Seed Sharing Engages Communities Across Michigan
Seed saving is a long-held tradition, often practiced by populations wanting to preserve culturally significant crops. Today, as networks of seed saving grow across Michigan, libraries are getting involved.
May 3, 2018 - Author: Abby Harper, Michigan State University Extension
In March 2018, the first Lansing Seed Swap took place at the Allen Neighborhood Center during their regularly scheduled farmers market. The swap was supported by Michigan State University Extension and other local partners. Over 50 people from Lansing and the surrounding area came to swap seeds, gardening tips, and love of plants, and everyone walked away with new varieties to test out in their gardens. This event is part of a burgeoning culture of seed saving and sharing in the Lansing area, in the hopes of joining the growing number of communities housing seed libraries to help cultivate localized seed communities. There are at least 47 seed libraries in Michigan, many hosted at local libraries.
A seed library allows community members to “check out” seeds, use them in their gardens, and harvest and return saved seeds back to the library to be used by other growers the following year. Developing a seed library can help agricultural and gardening communities become more resilient by providing their own seeds that have adapted to climate and disease pressure in their regions. It also allows growers to acquire new varieties they might not be familiar with.
Seed libraries are not new concepts. Many Native American populations have been practicing seed saving as a practice to preserve genetic diversity and create a sustainable store of culturally important crops. The Jijak foundation in Hopkins, Michigan, a nonprofit group that is part of the Gun Lake Band of Pottawatomi, has a seed bank preserving many varieties of tobacco, corn, dry beans and other crops that are of cultural significance to the tribe. Seed saving works towards the greater goal of food sovereignty in native communities.
Seed saving and sharing with communities has been a common practice among migrating people and enslaved African people. For example, crops such as millet, sorghum, okra, and watermelon were smuggled into the United States by African slaves, saved and shared as a tool of survival and resistance in the face of American slavery.
As the United States seed industry becomes more consolidated and less localized, more communities are recognizing the benefits of seed libraries. The network of seed libraries across Michigan is growing – increasing collaboration between seed libraries who are sharing seed varieties, educational programming, and resources.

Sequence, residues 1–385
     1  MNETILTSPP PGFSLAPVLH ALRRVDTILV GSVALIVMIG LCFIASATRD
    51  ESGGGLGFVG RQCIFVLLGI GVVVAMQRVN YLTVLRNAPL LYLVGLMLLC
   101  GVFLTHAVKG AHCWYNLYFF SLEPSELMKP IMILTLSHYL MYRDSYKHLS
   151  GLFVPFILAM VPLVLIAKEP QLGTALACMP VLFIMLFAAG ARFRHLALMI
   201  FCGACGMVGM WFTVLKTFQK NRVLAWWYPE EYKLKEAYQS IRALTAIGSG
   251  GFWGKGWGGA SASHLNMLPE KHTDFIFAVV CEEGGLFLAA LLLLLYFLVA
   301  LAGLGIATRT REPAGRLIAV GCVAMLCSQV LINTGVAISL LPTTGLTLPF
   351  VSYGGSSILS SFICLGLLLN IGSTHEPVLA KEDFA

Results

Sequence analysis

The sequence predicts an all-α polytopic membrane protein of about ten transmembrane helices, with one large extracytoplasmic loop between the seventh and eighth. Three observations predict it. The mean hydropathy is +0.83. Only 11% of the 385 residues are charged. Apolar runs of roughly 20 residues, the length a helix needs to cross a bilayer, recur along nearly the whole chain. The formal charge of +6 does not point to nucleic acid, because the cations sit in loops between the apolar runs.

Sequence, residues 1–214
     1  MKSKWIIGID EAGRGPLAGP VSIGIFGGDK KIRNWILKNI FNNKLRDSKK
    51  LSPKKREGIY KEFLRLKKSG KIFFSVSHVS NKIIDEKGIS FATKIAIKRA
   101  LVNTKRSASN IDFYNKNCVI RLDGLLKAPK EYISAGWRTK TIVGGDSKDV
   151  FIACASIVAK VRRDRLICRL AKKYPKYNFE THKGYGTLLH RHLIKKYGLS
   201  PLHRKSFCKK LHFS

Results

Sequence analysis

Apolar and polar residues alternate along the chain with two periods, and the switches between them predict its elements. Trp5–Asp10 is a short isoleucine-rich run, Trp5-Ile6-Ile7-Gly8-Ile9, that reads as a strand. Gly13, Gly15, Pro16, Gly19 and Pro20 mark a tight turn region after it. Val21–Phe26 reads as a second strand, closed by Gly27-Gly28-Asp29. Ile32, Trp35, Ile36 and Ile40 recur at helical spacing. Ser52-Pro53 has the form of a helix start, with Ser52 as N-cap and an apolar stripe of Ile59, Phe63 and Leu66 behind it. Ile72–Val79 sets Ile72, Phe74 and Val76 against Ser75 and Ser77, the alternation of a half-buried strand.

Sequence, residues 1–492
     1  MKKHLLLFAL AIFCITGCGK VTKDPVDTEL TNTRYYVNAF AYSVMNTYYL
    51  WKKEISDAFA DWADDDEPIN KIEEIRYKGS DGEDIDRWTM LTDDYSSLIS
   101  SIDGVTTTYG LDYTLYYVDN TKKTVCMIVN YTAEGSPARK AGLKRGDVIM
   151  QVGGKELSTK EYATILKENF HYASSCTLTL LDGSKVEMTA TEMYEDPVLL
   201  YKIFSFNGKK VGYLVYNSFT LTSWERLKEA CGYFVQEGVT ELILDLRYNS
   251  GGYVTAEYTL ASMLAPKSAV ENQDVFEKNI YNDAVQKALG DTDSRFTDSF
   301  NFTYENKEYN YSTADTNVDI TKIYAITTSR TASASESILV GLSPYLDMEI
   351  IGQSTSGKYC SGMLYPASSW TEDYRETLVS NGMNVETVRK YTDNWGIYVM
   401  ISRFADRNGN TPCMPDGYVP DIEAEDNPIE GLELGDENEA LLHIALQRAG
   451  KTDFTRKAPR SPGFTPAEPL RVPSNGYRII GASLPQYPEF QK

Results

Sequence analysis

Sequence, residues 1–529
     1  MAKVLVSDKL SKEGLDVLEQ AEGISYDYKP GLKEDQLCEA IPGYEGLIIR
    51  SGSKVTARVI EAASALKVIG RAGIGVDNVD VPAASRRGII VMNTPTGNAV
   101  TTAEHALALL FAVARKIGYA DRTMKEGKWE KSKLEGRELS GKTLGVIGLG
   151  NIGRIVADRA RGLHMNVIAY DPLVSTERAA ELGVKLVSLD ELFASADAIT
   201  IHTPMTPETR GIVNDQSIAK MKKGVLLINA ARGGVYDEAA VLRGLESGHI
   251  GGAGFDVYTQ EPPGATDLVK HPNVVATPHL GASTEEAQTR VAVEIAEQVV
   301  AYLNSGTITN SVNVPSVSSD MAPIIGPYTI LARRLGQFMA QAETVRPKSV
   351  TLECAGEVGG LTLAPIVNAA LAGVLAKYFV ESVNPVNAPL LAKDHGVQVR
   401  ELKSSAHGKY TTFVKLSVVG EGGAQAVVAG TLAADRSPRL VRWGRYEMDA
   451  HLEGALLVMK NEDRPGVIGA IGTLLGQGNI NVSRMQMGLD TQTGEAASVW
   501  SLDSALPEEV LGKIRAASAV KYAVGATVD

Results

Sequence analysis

Many local book libraries are benefitting from adding seed libraries to their collections. “One of the greatest benefits for the libraries participating in the seed library movement is a serious uptick in community engagement,” says Ben Cohen, owner of Small House Farm who has helped many seed libraries start up throughout the state and nationally.
Many of these libraries are adding educational programming around gardening and seed saving, and some are using these networks as opportunities to pass down historical traditions, sharing the story of origin with each seed packet that is checked out. As this network grows, libraries are seeing a new tool for engaging with their communities, and local communities are enhanced with new knowledge and a space for coming together over seeds.
The seed library at the Kent District Library in Kent County, Michigan is in its fifth year. “Our library is always excited to see the range of gardening interest in our seed library,” commented Michelle Boisvenue-Fox, Director of Innovation and User Experience at the Kent District Library. “We get such a variety of donations that even our master gardeners find new seeds to grow each year. So just like our physical library collection, our library continues to offer something for everyone.”
To find a seed library near you, or to get support in starting one, email the Michigan Seed Library Network at MISeedLibrary@gmail.com. Michigan State University Extension agents can also provide assistance in getting a seed library started in your area.